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Kathak

 

Background

Kathak happens to be the major classical dance forms practiced in northern India.It is characterized by rhythmic footwork, under the weight of hundreds of ankle bells, spectacular spins, and the dramatic representation of themes from Persian and Urdu poetry alongside those of Hindu mythology. Kathak arose from the fusion of Hindu and Muslim cultures that took place during the Mughal period (1526-1761). More than any other South Asian dance form, Kathak expresses the aesthetic principles of Islamic culture. The influence of Kathak is also visible in the Spanish flamenco tradition.

The word Kathak means "to tell a story". It may be traced back to the dance dramas of ancient India. Kathak is believed to have originated in the state of Uttar Pradesh and Rajasthan. It was originally performed by a community of people called Kathakaras or story-tellers.

The nomadic bards of northern India in bygone eras, frequently performed in village squares and temple courtyards, mainly recounting mythological and moral tales from the scriptures and the epics, they would embellished their recitals with hand gestures and facial expressions. It was quintessential theatre, using instrumental and vocal music along with stylized gestures, to enliven the stories.

Though originally inspired by religion, the Mughal courts and the Rajput rulers in northern India greatly influenced the development of this majestic art form. A shift from religious commitment to entertainment became predominant in the courts. The rhythmical patterning and embodiment of romantic poetry were given prominence to please the kings and the nobility. Kathak was transformed into a sophisticated chamber art during this period. Professional dancers of Kathak worked at refining its dramatic and rhythmic aspects, regaling their elite, esoteric audiences with their mastery over rhythm and highly stylized mime.

During this time, there emerged three different schools (gharanas) of Kathak, each named after the geographical area of its development. These schools, flourishing even today, are the Jaipur, Lucknow, and the Benares gharanas, each depicting a slight difference in terms of interpretation, repertoire and costumes.




Kathak - from the temples
to the royal courts...
   
Basic features

The dance usually commence after an invocation to Lord Ganesha (Ganesha Vandana). A dance piece contains the following elements: Thata, the opening sequence, Amad which corresponds to the Alarippu in Bharata Natyam, Paran which is considered the piece de resistance of the dance and finally the Tarana which corresponds to the Tillana of Bharata Natyam.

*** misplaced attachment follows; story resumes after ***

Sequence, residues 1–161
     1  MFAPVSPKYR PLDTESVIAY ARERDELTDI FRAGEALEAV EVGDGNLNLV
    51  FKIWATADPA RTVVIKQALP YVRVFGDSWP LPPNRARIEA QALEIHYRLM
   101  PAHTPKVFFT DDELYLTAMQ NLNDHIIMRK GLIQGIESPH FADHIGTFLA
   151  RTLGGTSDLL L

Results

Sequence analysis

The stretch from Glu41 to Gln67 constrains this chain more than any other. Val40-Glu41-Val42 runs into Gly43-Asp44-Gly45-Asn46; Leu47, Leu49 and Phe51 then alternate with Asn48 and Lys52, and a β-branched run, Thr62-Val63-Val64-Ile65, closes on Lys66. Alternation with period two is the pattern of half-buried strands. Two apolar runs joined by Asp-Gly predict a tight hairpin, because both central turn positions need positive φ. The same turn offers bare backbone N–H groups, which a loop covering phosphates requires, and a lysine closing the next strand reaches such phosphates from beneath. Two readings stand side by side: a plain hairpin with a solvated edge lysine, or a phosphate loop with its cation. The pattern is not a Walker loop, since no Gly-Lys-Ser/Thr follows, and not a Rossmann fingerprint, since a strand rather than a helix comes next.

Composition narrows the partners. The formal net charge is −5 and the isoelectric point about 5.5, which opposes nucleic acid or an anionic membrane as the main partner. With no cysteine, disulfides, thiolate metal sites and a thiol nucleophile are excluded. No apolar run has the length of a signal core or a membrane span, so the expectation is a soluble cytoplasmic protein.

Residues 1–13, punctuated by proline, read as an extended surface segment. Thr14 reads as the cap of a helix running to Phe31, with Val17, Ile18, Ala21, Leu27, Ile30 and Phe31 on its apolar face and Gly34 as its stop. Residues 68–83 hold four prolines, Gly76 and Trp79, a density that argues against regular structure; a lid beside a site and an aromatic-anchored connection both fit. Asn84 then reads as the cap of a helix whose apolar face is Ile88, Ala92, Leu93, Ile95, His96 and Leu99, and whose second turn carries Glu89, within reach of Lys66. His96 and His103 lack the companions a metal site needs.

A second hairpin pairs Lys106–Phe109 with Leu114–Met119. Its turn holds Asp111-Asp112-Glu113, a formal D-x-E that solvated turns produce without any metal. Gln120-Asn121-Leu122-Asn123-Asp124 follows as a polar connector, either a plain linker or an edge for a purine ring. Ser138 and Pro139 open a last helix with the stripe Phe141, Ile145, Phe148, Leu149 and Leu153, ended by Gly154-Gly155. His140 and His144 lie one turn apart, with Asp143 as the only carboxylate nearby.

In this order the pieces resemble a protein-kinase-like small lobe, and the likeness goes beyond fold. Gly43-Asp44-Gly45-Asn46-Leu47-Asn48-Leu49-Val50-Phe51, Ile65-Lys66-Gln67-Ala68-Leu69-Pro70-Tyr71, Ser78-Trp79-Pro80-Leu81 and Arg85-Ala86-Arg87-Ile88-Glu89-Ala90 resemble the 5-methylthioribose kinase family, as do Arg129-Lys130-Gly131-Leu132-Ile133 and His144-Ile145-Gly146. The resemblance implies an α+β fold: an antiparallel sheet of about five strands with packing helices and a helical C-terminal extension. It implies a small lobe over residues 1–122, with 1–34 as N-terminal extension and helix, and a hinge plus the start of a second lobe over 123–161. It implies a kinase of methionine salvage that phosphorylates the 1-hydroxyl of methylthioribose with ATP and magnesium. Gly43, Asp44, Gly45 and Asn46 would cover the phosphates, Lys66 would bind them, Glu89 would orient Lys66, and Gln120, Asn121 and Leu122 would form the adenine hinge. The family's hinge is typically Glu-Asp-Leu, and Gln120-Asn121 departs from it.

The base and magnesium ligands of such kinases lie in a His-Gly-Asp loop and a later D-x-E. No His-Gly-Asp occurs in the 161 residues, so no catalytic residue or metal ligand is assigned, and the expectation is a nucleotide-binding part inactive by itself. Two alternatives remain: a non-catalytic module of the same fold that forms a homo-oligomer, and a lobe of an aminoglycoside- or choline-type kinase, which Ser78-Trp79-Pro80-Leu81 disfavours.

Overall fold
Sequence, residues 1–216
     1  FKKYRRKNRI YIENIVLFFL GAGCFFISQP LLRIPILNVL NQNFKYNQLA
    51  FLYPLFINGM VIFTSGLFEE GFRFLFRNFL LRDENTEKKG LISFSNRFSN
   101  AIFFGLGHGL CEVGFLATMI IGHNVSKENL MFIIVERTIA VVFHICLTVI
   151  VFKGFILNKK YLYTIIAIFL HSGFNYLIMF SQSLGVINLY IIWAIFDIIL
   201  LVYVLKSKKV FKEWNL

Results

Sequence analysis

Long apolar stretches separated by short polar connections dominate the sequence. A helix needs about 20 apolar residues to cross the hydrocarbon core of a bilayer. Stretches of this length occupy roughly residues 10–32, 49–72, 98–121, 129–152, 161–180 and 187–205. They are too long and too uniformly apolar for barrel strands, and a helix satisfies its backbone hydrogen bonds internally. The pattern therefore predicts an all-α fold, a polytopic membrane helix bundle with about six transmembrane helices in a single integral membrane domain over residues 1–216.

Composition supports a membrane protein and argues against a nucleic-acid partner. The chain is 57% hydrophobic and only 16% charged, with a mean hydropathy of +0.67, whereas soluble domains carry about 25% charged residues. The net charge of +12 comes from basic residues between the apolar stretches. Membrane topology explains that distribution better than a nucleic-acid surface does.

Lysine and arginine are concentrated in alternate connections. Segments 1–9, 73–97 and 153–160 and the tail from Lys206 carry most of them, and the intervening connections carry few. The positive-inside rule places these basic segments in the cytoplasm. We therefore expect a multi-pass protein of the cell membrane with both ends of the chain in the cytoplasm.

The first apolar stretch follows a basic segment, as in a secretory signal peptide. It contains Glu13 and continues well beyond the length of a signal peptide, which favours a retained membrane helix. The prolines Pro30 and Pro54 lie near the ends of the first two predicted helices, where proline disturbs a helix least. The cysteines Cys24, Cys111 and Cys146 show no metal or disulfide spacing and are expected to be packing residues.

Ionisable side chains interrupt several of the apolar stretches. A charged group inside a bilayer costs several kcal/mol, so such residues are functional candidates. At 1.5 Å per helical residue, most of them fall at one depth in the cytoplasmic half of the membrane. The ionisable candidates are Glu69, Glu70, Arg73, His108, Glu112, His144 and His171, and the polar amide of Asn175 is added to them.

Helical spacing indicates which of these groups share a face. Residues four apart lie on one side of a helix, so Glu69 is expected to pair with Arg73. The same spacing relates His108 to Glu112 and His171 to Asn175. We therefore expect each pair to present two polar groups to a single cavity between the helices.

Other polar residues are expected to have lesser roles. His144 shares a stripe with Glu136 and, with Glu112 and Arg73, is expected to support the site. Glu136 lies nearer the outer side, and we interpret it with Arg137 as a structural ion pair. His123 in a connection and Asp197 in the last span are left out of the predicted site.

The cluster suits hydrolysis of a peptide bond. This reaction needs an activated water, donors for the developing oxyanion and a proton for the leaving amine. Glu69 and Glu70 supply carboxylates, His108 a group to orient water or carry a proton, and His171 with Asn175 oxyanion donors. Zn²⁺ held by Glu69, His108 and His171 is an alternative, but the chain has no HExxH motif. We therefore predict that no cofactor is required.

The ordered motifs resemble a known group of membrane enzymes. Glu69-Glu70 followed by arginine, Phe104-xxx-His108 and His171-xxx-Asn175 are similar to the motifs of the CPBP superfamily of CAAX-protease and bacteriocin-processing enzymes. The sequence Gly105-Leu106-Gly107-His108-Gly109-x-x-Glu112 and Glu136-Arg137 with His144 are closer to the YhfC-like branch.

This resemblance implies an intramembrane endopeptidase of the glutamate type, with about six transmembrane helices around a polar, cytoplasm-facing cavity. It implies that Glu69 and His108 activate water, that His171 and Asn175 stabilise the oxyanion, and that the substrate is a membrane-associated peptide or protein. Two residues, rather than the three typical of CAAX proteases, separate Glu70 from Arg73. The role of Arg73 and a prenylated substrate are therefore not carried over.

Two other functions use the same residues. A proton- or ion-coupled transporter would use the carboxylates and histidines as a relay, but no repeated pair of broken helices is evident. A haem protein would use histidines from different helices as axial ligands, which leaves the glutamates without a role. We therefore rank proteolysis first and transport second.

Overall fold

A notable feature of Kathak is the intricate footwork and the highlight of the dance is the Tahai, a spinning at great speed while rooted in one spot. Unlike Bharata Natyam, which is a bastion of the female, Kathak is performed by both men and women.

The main instruments used with Kathak dance are the tabla (two-drum ensemble), pakahawaj (an ancient barrel shaped drum with two playing heads. It is essentially a north Indian version of the mridangam), sarangi (a stringed instrument played with a bow), flute, and sometimes violin and sitar. The music compositions are based on lyrics such as Thumri, Dadra, Ghazal among others.

Kathak as it is practiced today is characterized by fast rhythmic and brilliant footwork set to complex time cycles.The dance movements include numerous pirouettes executed at lightning speed and ending in statuesque poses. The interpretative portion, based on tales of Radha and Krishna and other mythological lore, contains subtle gestures and facial expressions.

Like other classical dances Kathak too is based on Nritta and Nrittya. Nritta means pure dance without any meaning. It focuses on a tremendous sense of rhythm and joy of movement. The beauty of nritta in Kathak lies in the exact rendering of the rhythmic patterns, made audible by musical accompaniment and the dancer's intricate footwork. The spectators can only marvel when from a crescendo, the dancer restricts his/her movements to emit the solitary tinkle of just one bell - among hundreds of bells in the ghungroos fastened to his /her anklets.

Nrittya emphasises Abhinaya, communication of the meaning and emotion of a story or a song, through facial expression, gestures of the hands and symbolic postures of the body.

In Kathak, the lack of rigidity allows an artist to use a variety of free movements, thus leaving interpretation of the poem or story to his/her power of rhythmical improvisation, imagination and creativity.

 
   
Costumes and ornaments

Kathak originated in the Hindu temples and is inextricably linked with the Hindu legends mythology and scriptures. Hence the dancers’ costumes according to the Benaras and Jaipur gharanas which strictly adhere to the temple culture and traditions comprise a ghaghra/lehnga-blouse-dupatta ensemble. Irrespective of the schools, the blouses/shirts are invariably full-sleeved. The dupatta is draped over and tied across the breasts and the waist.

With the advent of Mughal rule, the costumes acquired certain Islamic touches and characteristics. Accordingly, even today, the female dancers wear a flared knee length dress over a churidar, with a dupatta thoroughly draping the head and shoulders. Many a times they don a cap along with the dupatta. Like other dance forms, Kathak dancers wear a lot of chunky jewelers including dozens of necklaces and chains.

 
 

 

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